tv In the Arena CNN July 7, 2011 8:00pm-9:00pm EDT
though you heard richard quest saying perhaps, perhaps he sees money to be made here. that's all for right now. hope to see you back tomorrow night. "in the arena" starts right now. good evening. welcome to the program. i'm tom foreman. shock waves are rolling through the media world tonight over what looks like a criminal enterprise operating inside of a newsroom. high-profile figures targeted for a gangster style roundup, and all of it taking place under the leadership of one of the richest and most powerful men in america. it sounds like a hollywood thriller, but this is real life, it's playing out in london, and sending tremors all the way to american shores. rupert murdoch, the owner of fox news, 20th century fox, the "new york post," and a number of other vast media powerhouses is under fire tonight, hours after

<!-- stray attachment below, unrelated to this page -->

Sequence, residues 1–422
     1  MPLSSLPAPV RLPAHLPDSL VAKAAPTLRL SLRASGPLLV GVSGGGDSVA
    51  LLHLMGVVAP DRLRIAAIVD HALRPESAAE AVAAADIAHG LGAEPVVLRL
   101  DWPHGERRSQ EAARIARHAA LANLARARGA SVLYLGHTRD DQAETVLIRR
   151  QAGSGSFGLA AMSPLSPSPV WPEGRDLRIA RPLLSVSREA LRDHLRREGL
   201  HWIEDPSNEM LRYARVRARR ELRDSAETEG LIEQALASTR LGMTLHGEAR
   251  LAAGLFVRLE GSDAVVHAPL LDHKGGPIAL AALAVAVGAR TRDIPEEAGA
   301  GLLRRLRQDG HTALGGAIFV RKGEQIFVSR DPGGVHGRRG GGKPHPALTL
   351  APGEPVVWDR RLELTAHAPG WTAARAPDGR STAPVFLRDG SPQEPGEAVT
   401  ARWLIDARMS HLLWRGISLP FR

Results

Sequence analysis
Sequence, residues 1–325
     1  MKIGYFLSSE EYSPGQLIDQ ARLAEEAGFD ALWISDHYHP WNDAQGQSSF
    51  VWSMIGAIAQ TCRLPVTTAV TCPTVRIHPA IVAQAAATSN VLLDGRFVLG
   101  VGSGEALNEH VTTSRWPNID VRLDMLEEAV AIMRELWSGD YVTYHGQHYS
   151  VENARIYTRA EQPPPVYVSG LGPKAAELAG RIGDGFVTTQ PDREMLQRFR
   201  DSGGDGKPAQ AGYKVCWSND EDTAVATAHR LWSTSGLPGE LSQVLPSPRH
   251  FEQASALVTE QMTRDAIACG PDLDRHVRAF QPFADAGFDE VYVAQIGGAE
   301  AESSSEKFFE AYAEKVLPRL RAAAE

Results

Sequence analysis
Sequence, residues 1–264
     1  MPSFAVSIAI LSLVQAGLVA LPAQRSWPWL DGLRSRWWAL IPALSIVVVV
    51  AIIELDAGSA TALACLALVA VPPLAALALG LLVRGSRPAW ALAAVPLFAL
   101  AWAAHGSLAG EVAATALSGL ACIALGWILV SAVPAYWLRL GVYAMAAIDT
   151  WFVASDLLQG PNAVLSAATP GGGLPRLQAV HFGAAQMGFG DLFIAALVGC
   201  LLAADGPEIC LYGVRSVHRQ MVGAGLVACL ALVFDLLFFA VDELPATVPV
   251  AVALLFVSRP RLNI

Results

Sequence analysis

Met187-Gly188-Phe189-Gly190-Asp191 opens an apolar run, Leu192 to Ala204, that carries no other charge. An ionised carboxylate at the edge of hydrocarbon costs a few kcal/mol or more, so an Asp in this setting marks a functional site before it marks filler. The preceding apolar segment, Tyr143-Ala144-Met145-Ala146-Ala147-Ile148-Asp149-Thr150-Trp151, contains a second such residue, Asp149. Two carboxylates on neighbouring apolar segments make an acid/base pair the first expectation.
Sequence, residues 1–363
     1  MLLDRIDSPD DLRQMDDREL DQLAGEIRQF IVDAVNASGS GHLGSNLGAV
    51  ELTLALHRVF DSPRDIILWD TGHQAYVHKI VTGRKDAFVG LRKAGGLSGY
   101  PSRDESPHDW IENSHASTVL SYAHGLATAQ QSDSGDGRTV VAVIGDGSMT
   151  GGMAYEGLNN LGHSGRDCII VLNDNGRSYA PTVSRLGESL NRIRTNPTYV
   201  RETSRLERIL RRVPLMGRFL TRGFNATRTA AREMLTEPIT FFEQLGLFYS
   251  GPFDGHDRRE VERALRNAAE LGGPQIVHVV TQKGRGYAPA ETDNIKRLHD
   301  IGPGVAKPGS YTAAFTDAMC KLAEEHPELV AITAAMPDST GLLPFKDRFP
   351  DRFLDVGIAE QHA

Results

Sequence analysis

he took the dramatic step of abruptly closing down one of his biggest tabloid newspapers. it is called "the news of the world," and it is at the center of a scandal that just keeps getting wider and deeper by the hour. reporters there are accused of hacking into the voice mail of innocent people to get stories, one of them a 13-year-old murder victim, and allegedly paying thousands of dollars to police officers to get them to reveal secrets in high-profile cases. murdoch's son and heir apparent, james murdoch, went on the bbc to try to limit the damage. take a look. >> i feel regret. clearly, the practices of certain individuals did not live up to the standards and quality of journalism that we believe in and that i believe in. and that this company believes in. >> americans are no strangers to the dark side of tabloid culture. of course, just take a look at some of the coverage in the casey anthony case, for example.